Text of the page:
Profit-making ventures are destroying the organic relationship between the people and the Sundarbans
The Sundarbans of Bangladesh were inscribed in the list of UNESCO World Heritage sites on December 7, 1997, on the premise of the possibility of its irreversible loss and the importance of the forest’s unique ecosystem. One may ask: Why does such degradation of natural resources happen? In The Tragedy of the Commons (1968), Garrett Hardin claimed that human beings, with their biological urge and greed, will destroy communities and the environment -- natural resources -- for some extra benefit unless restrained by an authority.
Hardin’s claim resonates with the UNESCO World Heritage Centre’s recent consideration of the proposal to label Sundarbans -- the largest mangrove forest on earth -- as “World Heritage in Danger.” Even though, during the 43rd session in 2019, the Word Heritage Committee decided not to keep the Sundarbans on that list, there is an ongoing debate about the diversified uses of the forest sites that damage its overall sustainability.
The myth of the tragedy of the ‘commons’
The question that appears before us: “To what factors can we relate the tragedy of the Sundarbans?” In answering this question, I will illustrate how the menace that is looming over this world heritage site does not originate from the uses of it as “commons” by the people living in close vicinity, who heavily depend on it for natural resources. Rather, the threats against the Sundarbans are posed by capital investments and profit-seeking undertakings by absentee investors who receive support from a “development”-oriented government.
In 2019, three organizations received permission to set up Liquefied Petroleum Gas (LPG) bottling factories within the Ecologically Critical Area (ECA) of the Sundarbans. Besides, the government allowed five cement factories to operate within the ECA of the Sundarbans. In 2018, the Department of Environment published a list of 190 factories that are built within the 10-kilometre buffer zone of the Sundarbans.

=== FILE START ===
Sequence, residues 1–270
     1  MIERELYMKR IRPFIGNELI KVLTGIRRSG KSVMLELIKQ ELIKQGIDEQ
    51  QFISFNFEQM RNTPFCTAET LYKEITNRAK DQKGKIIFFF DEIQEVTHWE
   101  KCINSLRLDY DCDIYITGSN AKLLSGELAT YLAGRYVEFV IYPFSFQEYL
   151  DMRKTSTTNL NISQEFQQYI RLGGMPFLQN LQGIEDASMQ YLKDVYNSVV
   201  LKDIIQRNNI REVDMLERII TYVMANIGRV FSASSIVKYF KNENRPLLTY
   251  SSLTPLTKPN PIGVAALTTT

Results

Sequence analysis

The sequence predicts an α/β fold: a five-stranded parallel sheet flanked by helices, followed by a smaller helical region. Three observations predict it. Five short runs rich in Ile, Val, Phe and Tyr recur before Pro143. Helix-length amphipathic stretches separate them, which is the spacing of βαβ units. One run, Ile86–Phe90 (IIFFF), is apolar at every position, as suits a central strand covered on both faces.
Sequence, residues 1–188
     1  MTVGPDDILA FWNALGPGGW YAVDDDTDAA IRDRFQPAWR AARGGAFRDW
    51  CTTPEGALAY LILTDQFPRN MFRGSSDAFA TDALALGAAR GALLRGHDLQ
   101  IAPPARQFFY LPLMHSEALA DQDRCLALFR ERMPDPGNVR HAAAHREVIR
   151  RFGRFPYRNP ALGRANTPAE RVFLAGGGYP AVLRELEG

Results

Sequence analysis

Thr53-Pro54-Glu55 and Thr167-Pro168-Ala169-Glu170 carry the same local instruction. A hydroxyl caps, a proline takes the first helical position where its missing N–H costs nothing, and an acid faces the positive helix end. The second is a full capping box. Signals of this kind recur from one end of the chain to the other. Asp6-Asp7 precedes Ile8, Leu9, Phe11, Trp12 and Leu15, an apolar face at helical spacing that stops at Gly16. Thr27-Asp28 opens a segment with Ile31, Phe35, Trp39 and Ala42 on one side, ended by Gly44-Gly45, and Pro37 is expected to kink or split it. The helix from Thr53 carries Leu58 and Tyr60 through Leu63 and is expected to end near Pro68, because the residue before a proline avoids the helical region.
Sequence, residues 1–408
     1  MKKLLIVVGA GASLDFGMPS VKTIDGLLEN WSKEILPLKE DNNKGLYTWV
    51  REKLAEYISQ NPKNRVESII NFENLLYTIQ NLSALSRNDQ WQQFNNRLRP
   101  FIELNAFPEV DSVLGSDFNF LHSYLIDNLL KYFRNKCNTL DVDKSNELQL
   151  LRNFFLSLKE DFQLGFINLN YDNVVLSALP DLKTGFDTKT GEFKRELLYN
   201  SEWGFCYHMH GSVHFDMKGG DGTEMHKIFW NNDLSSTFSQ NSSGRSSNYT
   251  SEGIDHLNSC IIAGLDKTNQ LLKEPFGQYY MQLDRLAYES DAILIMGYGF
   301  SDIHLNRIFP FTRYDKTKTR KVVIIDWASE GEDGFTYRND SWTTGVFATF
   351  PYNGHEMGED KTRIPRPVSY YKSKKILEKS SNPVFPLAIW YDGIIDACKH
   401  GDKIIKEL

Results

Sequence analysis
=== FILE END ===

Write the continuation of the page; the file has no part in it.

The more worrying aspect is that these factories are likely to discharge toxic by-products in the surrounding areas. Oil refineries, ship breaking and building yards, salt and cement factories, LPG bottling, brick fields, etc will severely damage the ecology of the mangrove. Meanwhile, construction of the 1,320-megawatt coal-fired Rampal Power Plant near the Sundarbans generated concerns over the possibilities of its total extinction.
A development-oriented government expects that industrialization will create more employment opportunities and reduce the local population’s dependence on the forest resources. This approach towards achieving sustainability of any natural resource site, eg, the Sundarbans, is similar to Garrett Hardin’s claims about the tragedy of the commons.
Many critical comments can be made about the expected inclusion of locals in these industries. As very few are directly benefited, many people are forced to forgo customary practices of forest resource use, risking the wellbeing of the Sundarbans.
In contrast to the centralized governance model, Elinor Ostrom, in Governing the Commons: The Evolution of Institutions for Collective Action (1990), proved that local communities can use commons sustainably over the long term. Hence, I will not dig much into these practices. Rather, I want to emphasize on the social significance of “places” such as the Sundarbans.
The Sundarbans as a site of socialities
In Indian Cultures as Heritage: Contemporary Pasts (2018), Romila Thapar stated, heritages -- “objects, ideas, or practices” -- make our cultures and connect the past to the present. Therefore, a loss of the Sundarbans will incur the extinction of wide-ranging cultural practices beyond the eminent environmental crisis. The essence of my argument is this -- The Sundarbans is a site of human interactions which creates socialities.